Stiltsville, seven wooden homes that have rested on stilts in Biscayne Bay for almost 90 years, survived Hurricane Irma relatively unscathed, according to the Biscayne National Park Service.
There was some dock and railing damage and one home needs roof repairs. But compared to past major hurricanes like Betsy and Andrew, the iconic structures held up just fine during Irma’s tropical storm force winds and hurricane gusts.
The National Park Service tweeted Wednesday that “that all 7 Stiltsville houses are standing strong,” and said that together with the Stiltsville Trust, the homes would be repaired.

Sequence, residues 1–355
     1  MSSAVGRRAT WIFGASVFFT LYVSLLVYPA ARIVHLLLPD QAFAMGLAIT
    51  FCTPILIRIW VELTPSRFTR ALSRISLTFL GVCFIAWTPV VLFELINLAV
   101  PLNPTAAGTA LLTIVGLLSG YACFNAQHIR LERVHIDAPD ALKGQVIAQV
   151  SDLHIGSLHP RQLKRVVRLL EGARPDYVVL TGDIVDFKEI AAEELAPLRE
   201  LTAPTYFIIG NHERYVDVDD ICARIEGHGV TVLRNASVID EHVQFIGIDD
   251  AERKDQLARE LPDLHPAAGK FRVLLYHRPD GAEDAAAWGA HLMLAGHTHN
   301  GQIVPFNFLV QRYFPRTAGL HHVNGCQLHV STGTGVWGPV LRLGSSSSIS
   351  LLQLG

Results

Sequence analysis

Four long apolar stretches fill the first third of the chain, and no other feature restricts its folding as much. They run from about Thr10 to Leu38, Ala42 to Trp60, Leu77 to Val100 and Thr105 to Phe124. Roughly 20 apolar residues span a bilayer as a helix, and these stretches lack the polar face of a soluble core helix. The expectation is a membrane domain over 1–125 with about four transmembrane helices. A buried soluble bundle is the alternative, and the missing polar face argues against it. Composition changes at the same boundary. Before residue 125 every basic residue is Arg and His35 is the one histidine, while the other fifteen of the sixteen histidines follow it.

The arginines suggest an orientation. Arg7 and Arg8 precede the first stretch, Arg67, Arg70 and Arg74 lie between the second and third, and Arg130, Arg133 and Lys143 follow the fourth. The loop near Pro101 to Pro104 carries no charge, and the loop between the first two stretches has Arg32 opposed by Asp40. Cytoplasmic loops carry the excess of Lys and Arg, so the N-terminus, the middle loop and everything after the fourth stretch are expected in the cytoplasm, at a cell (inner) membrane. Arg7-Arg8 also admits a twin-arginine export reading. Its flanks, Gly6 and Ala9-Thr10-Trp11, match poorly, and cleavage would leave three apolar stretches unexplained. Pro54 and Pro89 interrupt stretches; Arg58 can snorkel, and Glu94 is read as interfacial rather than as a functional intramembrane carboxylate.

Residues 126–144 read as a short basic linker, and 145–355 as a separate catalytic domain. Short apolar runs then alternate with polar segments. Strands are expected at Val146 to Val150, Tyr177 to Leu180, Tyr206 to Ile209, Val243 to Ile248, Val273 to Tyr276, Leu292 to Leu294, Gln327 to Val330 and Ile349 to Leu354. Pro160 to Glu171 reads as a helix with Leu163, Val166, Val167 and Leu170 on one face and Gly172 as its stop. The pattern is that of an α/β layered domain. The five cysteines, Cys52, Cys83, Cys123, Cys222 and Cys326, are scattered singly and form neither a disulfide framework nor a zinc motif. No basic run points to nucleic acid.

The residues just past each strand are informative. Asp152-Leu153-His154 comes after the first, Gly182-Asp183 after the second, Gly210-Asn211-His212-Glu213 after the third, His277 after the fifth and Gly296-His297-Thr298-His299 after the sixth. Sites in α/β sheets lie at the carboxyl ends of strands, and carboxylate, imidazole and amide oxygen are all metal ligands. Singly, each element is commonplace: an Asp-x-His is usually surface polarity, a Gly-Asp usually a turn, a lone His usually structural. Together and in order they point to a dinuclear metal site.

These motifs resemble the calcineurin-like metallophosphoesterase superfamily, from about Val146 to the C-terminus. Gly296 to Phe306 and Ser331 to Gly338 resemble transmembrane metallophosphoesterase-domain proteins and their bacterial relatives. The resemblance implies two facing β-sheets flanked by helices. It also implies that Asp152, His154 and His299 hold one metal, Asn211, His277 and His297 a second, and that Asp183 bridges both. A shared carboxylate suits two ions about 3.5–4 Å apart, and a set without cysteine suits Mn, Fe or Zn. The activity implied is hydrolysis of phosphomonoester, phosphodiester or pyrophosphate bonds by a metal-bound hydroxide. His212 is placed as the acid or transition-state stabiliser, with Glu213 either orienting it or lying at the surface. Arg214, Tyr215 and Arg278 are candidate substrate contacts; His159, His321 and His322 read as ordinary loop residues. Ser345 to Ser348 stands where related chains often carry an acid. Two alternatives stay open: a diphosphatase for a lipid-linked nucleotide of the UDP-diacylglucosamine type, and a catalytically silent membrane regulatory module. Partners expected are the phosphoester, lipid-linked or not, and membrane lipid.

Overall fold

The homes in the water off the far tip of Key Biscayne began popping up in the 1930s after a man named “Crawfish” Eddie Walker built the first one. By the 1960s there 27 homes built of wood on concrete slabs that were used as fishing hubs or getaway spots.
When Betsy tore through in 1965, many of the homes were destroyed. Then Andrew took seven more in 1992. The remaining seven were left standing and repaired.
No one has lived in the homes for decades. The non-profit Stiltsville Trust cares for the buildings and offers trips to the homes that rest in relatively shallow water, to sightseers. New construction is not permitted, but the trust is expected to repair and maintain the buildings.
On Monday, U.S. Rep. Ileana Ros-Lehtinen flew over the iconic structures with the U.S. Coast Guard and tweeted “found the silver lining in #Stiltsville still standing,” then posted pictures.